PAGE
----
Successful renal transplantation depends on the modification of the normal immunologic response. The earliest attempts at such modification involved the use of ionizing irradiation. The significant morbidity and mortality of total body irradiation led to its abandonment in favor of the safer technique of local graft irradiation. While still commonly used, the efficacy of this technique has never been evaluated in a prospective, randomized fashion. The present study is a prospective, randomized, double blind evaluation of the efficacy of the addition of local graft irradiation to our immunosuppressive protocol. One hundred consecutive cadaveric renal transplants were randomized to receive either conventional immunosuppression alone or conventional immunosuppression plus local graft irradiation delivered in doses of 150 rads on the 1st, 3rd and 5th post-operative days. Patients were followed for a period of 2 years. No significant difference was demonstrated between the groups among any measured parameter. In conclusion, the addition of local graft irradiation in doses of 150 rads on d1, 3, and 5 does not appear to offer any advantage over standard immunosuppressive therapy and its use cannot be recommended.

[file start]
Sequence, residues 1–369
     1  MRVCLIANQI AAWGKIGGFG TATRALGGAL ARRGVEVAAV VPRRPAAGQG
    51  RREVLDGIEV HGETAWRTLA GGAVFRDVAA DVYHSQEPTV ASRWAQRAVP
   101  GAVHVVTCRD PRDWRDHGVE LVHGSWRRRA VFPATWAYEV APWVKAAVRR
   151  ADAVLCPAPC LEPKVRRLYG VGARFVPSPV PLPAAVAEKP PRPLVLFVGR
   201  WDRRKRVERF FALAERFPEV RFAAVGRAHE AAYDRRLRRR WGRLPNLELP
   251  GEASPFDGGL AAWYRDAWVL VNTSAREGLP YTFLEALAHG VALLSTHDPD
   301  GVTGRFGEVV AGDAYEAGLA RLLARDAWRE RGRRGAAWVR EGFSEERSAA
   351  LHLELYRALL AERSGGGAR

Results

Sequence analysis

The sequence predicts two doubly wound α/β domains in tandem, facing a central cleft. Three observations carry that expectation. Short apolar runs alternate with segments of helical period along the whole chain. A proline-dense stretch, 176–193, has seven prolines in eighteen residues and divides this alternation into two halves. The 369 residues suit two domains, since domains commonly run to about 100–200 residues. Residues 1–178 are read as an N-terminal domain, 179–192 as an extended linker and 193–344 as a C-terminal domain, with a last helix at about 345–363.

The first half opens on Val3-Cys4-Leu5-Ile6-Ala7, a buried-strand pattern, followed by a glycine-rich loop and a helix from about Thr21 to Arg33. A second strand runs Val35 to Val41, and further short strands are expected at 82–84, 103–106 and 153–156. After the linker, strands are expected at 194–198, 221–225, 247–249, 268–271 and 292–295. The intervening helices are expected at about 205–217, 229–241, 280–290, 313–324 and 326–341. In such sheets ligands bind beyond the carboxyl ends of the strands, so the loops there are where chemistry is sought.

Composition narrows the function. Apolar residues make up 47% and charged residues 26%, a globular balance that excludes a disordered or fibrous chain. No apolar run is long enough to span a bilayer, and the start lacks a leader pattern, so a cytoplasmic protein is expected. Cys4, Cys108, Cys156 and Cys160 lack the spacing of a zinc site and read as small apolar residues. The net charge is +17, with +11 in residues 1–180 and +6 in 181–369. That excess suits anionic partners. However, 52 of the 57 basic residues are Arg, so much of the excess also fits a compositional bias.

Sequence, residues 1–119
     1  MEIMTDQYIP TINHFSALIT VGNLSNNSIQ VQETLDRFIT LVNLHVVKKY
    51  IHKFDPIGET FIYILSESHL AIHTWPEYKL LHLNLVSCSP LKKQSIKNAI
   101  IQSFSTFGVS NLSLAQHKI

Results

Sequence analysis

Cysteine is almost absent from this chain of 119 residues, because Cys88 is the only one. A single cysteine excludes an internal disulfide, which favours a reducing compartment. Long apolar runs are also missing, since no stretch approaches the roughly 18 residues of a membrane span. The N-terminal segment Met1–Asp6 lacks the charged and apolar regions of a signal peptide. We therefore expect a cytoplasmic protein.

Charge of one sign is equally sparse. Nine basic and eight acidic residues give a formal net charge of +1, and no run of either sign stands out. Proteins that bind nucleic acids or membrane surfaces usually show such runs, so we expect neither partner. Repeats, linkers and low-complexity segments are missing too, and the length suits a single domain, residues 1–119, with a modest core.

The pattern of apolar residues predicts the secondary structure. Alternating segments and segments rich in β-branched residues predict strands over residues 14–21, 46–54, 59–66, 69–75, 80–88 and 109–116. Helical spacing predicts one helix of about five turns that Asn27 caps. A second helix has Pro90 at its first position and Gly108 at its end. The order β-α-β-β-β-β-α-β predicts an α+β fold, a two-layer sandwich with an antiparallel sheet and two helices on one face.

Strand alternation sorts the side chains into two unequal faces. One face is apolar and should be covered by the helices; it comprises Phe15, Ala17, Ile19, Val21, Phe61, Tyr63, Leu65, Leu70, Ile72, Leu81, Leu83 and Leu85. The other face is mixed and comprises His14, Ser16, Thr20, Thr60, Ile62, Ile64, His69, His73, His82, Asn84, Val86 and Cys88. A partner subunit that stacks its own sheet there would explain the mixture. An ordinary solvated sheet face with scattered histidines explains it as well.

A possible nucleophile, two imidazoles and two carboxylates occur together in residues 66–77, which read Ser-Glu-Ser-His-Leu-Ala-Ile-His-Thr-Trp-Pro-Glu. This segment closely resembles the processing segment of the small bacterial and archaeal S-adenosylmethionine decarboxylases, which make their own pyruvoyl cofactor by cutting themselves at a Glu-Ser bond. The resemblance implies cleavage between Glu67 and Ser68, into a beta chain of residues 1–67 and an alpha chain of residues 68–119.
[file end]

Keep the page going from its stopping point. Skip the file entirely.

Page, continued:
|Original language||English (US)|
|Number of pages||3|
|State||Published - 1990|
- graft irradiation
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